Oligo Security, an Israeli cybersecurity startup, exited stealth with $28 million in Seed and Series A funding raised in nine months from Lightspeed Venture Partners, Ballistic Ventures, TLV Partners, venerated cybersecurity entrepreneur and investor Shlomo Kramer, and more.
This is some good news for Israel Startup Nation as recent times have seen more local companies contract than bring in new funding. And expectations are that 2023 will bring with it growth and an end to the lean times.
This is because cyber security is more important than ever. Hackers are not only motivated by money or politics. They often just like being malicious. So even small companies need to be on their guard and be sure to properly protect their systems.
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Founded in 2022 by the team of entrepreneurs who established Demisto, by CEO Slavik Markovich, Dan Sarel, Rishi Bhargava and Guy Rinat, Descope declares its goal is to lighten the burden of authentication and user management from app developers’ shoulders, enabling them to do their best work.
Founded in 2022 by former officers who served in the Israel Defense Force’s elite cybersecurity units, CEO Nadav Czerninski, CTO Gal Elbaz and CPO Avshalom Hilu, Oligo Security boasts that the firm offers the “most precise” open source security solution, leveraging runtime application context while maintaining performance and stability. Using Oligo, it says, customers are able to save time and focus on the relevant vulnerabilities that are being used in runtime, thus reducing the workload of responding to security alerts by about 85%.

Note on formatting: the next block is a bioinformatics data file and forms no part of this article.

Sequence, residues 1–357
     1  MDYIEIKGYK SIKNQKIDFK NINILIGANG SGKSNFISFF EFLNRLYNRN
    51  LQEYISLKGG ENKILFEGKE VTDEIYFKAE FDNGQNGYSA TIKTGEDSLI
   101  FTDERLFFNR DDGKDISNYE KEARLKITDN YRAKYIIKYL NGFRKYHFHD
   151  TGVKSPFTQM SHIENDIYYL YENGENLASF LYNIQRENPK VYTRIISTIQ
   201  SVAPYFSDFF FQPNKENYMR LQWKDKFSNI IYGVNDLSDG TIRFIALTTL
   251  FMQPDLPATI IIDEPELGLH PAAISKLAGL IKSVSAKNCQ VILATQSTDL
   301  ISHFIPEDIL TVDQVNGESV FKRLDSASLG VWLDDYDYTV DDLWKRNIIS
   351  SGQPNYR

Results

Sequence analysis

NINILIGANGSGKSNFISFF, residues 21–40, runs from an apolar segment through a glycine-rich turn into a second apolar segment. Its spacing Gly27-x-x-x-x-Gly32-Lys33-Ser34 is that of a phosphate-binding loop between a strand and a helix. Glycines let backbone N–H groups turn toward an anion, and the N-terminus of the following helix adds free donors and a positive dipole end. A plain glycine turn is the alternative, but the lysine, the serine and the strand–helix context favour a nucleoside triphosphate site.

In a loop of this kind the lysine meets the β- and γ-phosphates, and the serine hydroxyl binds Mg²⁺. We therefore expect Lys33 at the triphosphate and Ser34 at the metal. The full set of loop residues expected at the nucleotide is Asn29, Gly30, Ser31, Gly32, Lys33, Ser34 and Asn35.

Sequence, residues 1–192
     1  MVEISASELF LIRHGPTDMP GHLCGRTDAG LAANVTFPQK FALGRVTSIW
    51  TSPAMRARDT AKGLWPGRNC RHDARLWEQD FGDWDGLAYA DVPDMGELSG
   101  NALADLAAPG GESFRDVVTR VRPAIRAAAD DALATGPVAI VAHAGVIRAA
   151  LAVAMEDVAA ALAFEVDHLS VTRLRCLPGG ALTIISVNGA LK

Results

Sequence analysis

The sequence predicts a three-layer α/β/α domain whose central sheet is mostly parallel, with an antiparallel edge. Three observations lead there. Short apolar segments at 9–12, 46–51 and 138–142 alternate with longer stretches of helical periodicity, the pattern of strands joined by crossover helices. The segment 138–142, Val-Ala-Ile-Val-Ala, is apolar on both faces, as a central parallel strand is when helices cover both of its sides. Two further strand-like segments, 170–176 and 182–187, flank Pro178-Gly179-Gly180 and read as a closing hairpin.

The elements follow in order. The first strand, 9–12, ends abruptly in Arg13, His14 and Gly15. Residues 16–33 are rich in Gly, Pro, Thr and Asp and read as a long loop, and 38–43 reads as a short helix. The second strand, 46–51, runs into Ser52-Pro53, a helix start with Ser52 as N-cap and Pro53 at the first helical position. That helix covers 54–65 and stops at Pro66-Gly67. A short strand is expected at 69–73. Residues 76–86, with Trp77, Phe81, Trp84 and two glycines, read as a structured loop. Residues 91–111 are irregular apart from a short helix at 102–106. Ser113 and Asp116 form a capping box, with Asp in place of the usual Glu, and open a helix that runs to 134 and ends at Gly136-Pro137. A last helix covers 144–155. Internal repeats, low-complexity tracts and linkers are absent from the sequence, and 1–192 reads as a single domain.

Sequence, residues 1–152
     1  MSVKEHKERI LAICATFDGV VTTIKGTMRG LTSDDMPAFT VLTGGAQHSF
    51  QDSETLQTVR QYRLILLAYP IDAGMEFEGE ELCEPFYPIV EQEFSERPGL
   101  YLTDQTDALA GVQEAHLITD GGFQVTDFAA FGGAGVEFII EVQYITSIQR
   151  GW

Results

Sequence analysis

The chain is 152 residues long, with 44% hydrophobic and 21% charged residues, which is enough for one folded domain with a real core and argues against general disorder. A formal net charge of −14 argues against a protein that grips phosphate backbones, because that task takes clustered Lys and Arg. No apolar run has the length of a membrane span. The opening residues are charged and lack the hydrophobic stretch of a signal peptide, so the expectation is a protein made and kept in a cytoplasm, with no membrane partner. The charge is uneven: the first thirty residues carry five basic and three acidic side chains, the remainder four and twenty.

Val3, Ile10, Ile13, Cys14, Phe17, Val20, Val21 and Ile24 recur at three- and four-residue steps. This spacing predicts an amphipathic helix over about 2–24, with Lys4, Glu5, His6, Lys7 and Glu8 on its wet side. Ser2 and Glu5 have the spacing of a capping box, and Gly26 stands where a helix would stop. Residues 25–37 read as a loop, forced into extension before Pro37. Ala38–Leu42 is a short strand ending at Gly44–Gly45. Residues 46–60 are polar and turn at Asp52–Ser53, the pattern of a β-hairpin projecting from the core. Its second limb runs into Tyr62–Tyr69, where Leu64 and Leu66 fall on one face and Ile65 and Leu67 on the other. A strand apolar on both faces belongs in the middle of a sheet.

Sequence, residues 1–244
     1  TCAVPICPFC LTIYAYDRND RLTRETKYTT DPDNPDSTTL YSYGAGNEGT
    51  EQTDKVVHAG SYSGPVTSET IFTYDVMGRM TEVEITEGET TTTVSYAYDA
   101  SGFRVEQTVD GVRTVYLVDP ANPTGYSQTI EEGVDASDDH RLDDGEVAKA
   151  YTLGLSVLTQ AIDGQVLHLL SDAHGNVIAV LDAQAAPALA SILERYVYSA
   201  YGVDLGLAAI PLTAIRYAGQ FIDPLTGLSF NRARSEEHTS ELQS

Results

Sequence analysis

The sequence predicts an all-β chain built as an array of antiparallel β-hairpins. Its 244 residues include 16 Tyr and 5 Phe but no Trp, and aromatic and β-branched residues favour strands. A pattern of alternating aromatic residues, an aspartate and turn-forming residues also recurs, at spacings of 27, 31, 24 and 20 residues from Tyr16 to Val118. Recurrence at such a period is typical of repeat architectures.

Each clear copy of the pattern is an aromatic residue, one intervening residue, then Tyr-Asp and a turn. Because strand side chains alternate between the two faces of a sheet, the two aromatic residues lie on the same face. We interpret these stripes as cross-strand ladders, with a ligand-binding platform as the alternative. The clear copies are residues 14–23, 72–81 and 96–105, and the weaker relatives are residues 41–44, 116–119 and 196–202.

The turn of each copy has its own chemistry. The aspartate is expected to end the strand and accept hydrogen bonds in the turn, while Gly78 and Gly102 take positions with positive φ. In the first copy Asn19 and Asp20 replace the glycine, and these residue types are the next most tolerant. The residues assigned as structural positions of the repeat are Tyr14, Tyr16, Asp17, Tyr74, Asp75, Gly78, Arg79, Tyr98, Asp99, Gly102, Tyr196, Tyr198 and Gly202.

Oligo’s solution has already been adopted by leading companies in computer technology, analytics software, global commercial real estate and investment services, as well as online financial services.
Oligo explains open source code comprises 80 to 90 percent of modern software, providing an attractive attack vector for nation-states and cybercriminals. While awareness of the need for open-source code security is rising, existing software composition analysis (SCA) solutions fall short leaving organizations exposed. They are noisy, producing large volumes of false positives and do not provide runtime application context for prioritization.
“After Oligo’s co-founder, Gal Elbaz, discovered that a widely used app like Instagram could be easily compromised by misusing an open source library, we realized that there is a significant gap in the way the market currently addresses open source security,” said Nadav Czerninski, Oligo Security’s CEO and co-founder. “We zeroed in on a protection method that inspects each library in runtime or staging, allowing us to precisely identify attacks in cases of deviations and to fix the vulnerabilities that matter.”